The Design Observer Twenty

Sharon Olds | Poetry


Image from the Daily Drop Cap by Jessica Hische
Q belonged to Q.&A.,
to questions, and to foursomes, and fractions,
it belonged to the Queen, to Quakers, to quintets — 
within its compound in the dictionary dwelt
the quill pig, and quince beetle,
and quetzal, and quail. Quailing was part of Q’s
quiddity — the Q quaked
and quivered, it quarrelled and quashed. No one was
quite sure where it had come from, but it had
travelled with the K, they were the two voiceless
velar Semitic consonants, they went
back to the desert, to caph and koph.
And K has done a lot better — 
29 pages in Webster’s Third
to Q’s 13. And though Q has much
to be proud of, from Q.& I. detector
through quinoa, sometimes these days the letter
looks like what medical students called the
Q face — its tongue lolling out.
And sometimes when you pass a folded
newspaper you can hear from within it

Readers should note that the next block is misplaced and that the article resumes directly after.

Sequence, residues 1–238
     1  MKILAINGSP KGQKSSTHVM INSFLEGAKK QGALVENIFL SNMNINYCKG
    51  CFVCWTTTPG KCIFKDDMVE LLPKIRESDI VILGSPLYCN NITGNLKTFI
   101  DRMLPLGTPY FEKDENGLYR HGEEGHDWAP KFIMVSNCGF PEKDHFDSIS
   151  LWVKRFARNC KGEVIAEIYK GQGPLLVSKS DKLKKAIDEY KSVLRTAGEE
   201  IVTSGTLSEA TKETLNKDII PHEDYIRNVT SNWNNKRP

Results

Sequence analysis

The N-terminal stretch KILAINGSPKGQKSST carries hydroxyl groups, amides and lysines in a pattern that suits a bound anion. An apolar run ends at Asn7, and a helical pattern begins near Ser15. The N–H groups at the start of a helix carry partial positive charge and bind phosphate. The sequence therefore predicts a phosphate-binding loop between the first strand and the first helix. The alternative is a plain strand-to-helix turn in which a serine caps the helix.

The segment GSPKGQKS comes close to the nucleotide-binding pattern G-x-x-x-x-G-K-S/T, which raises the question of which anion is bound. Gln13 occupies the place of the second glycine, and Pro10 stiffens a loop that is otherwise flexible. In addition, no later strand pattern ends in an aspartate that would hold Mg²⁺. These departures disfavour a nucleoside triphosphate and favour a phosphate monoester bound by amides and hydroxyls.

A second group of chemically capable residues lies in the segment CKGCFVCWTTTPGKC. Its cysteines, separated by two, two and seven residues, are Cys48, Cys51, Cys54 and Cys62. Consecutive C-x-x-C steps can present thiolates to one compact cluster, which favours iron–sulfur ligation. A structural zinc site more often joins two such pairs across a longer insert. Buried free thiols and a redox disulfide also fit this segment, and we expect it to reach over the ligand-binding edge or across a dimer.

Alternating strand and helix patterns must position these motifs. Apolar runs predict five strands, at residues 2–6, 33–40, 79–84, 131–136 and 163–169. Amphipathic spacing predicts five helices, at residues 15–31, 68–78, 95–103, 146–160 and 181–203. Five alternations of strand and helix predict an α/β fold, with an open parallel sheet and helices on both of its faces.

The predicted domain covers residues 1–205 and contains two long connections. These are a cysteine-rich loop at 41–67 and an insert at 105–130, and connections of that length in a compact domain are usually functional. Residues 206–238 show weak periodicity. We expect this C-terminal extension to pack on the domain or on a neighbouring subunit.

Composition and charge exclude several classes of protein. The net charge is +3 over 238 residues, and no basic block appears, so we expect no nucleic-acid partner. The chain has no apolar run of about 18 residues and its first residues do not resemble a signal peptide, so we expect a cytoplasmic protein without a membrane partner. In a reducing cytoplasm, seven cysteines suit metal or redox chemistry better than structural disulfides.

a keening, from all the Q’s who are being
set in type, warboarded,
made to tell and tell of the quick and the
Iraq dead.
This poem first appeared in the August 10, 2009 issue of The New Yorker and is reprinted here with the author's kind permission.

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Posted in: Arts + Culture

Comments [5]

What a light and fluid story. I love the alliteration, the way the words flow as the reader is pulled into the story. So many themes are pulled together—friendship, struggle and more. A very enjoyable read.
Abby Fisher

i have been reading this over and again since lunch.
beautiful work.
Jason C. Otero

This is the kind of poem that everyone wishes he or she had written, but only Sharon Olds could or did. Quintessential...
owen edwards

Quite a quaint read. It quells my quandary about the letter Q. I quietly quake as I understand it's meaning. I have no quibble with the ability of the author. I relish her quiet quest to elevate the importance of the seventeenth letter.

Beautiful. The last line made me shiver.
Lisa Tremaine

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